Then the judge, replenished of ire, commanded that she should be hanged between two forked trees, and that they should break her reins with staves, and burn her sides with burning lamps, and after he made her strongly to be beaten, and hurted her head with a mallet. Then S. Barbara beheld and looked upward to heaven, saying: Jesu Christ, that knowest the hearts of men, and knowest my thought, I beseech thee to Ieave me not. Then commanded the judge to the hangman that he should cut off with his sword her paps, and when they were cut off, the holy saint looked again towards heaven, saying: Jesu Christ, turn not thy visage from me. And when she had long endured this pain, the judge comnnanded that she should be led with beating through the streets, and the holy virgin the third time beheld the heaven, and said: Lord God, that coverest heaven with clouds, I pray thee to cover my body, to the end that it be not seen of the evil people.

Her father became her executor. He took her up to a mountain and slew her with his sword. Then, as he came down, he received his retribution for his act and Barbara gained a symbol.

But when her father descended from the mountain, a fire from heaven descended on him, and consumed him in such wise that there could not be found only ashes of all his body.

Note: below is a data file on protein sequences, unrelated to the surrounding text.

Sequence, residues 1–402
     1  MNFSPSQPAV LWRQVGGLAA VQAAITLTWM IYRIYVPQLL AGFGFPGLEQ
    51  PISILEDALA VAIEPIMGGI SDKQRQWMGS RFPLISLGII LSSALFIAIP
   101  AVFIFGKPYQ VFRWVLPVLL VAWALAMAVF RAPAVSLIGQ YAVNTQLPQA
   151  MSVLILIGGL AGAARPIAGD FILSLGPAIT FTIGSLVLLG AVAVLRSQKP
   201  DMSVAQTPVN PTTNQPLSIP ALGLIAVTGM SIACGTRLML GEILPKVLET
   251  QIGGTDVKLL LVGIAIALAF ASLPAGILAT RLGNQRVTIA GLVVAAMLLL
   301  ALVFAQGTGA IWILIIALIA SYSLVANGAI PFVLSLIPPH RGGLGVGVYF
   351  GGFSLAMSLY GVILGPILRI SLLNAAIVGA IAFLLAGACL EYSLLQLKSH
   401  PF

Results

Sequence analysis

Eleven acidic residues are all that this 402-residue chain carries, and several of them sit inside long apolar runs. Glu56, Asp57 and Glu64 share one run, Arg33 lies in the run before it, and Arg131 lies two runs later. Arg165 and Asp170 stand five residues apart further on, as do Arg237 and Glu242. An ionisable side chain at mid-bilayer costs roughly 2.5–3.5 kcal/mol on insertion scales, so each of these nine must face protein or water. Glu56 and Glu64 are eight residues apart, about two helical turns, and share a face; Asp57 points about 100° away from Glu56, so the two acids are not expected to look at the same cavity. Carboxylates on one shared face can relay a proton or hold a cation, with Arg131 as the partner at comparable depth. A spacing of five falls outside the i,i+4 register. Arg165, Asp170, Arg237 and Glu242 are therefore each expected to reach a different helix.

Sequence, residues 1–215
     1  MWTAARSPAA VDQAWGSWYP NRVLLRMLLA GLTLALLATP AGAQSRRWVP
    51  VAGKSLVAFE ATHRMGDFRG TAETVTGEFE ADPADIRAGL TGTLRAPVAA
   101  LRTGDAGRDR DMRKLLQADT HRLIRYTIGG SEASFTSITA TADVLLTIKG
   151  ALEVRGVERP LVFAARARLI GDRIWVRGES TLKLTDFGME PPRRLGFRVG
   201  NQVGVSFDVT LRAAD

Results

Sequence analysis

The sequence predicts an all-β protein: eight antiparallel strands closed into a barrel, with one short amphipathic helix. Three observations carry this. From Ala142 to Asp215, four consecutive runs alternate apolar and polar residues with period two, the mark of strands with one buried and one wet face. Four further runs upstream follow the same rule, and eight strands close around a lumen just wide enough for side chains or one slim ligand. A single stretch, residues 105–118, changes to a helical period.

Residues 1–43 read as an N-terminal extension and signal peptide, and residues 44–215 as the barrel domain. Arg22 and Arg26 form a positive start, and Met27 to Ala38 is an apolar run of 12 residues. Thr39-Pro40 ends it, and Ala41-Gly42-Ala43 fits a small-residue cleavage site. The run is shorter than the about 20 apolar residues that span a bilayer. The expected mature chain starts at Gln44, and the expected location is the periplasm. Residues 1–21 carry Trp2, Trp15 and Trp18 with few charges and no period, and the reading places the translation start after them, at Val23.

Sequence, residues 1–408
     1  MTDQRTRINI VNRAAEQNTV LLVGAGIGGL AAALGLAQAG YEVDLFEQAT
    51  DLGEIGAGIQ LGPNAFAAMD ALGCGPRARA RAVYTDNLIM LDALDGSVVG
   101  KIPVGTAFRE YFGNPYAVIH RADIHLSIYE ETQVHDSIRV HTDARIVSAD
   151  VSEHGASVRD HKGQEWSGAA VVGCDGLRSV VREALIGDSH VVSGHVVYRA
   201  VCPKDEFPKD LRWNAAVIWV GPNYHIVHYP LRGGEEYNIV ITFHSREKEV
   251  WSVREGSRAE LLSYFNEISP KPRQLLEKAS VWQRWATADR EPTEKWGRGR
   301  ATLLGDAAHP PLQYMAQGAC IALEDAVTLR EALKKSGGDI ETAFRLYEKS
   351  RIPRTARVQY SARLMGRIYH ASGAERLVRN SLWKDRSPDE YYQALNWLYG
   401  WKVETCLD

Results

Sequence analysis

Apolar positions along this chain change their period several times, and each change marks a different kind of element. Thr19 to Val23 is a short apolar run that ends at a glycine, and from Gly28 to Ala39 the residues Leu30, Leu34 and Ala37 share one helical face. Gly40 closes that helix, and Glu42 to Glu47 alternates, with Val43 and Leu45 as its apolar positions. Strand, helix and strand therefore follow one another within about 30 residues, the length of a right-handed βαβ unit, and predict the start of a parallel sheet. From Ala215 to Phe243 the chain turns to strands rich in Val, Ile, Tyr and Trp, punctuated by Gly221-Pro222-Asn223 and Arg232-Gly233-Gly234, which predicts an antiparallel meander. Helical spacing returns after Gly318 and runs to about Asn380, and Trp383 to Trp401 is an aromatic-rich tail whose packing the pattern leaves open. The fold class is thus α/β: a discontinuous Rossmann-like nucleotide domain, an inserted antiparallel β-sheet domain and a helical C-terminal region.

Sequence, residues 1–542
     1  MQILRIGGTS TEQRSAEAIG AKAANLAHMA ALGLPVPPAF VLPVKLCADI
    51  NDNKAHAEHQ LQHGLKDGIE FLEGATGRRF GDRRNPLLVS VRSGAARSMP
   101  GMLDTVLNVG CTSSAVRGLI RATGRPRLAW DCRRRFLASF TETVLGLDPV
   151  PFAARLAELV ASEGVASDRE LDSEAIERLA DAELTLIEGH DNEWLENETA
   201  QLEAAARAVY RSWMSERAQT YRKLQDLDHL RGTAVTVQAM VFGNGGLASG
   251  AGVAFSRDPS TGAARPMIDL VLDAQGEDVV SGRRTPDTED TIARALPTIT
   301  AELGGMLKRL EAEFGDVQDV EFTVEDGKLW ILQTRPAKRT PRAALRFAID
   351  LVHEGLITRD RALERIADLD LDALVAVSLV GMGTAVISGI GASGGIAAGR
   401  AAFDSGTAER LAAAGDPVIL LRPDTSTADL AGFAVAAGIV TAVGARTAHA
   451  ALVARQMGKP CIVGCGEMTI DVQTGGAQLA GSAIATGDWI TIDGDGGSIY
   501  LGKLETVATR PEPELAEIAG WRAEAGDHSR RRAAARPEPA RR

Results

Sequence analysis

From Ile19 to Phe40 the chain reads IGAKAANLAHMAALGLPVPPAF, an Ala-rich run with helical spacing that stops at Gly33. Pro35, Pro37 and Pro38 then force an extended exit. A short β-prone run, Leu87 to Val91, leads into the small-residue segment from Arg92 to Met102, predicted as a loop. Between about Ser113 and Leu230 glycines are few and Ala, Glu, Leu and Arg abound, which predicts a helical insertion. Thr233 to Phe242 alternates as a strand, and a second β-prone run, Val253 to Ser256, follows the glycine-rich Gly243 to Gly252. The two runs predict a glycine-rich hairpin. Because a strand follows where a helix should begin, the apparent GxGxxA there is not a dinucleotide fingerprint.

He was struck by lightning, which would become heavily associated with Barbara and form the root of her protection of artillerymen, miners, engineers, and all who work with explosives. I am unsure what evidence exists concerning when artillery soldiers adopted the cult of St. Barbara. The best theory is that it is connected to the high probability of misfires and explosions that were endemic in early cannons. Today, the United States Army and United States Marine Corps maintain the Order of Saint Barbara to honor the service of exemplary artillerymen.

Saint Barbara Directing the Construction of a Third Window in Her Tower by the Master of the Joseph Sequence (15th century). Currently in the Walters Art Museum, Baltimore, Maryland.

Saint Barbara Directing the Construction of a Third Window in Her Tower by the Master of the Joseph Sequence (15th century). Currently in the Walters Art Museum, Baltimore, Maryland.

 

The Charge of the Light Brigade

Crimea has very much been in the news lately, and many have made comparisons between Russia’s reasons for intervening in that region in 2014 and its reasons for doing so in 1853, which triggered the Crimean War (1853-1856). So it seems apropos to look back on the most famous episode that war: the charge of the Light Brigade of British Cavalry under Major General James Brudenell, Earl of Cardigan and the poem by Alfred, Lord Tennyson. (I also can’t help but wonder if Lord Cardigan was wearing a button-up sweater during the attack!).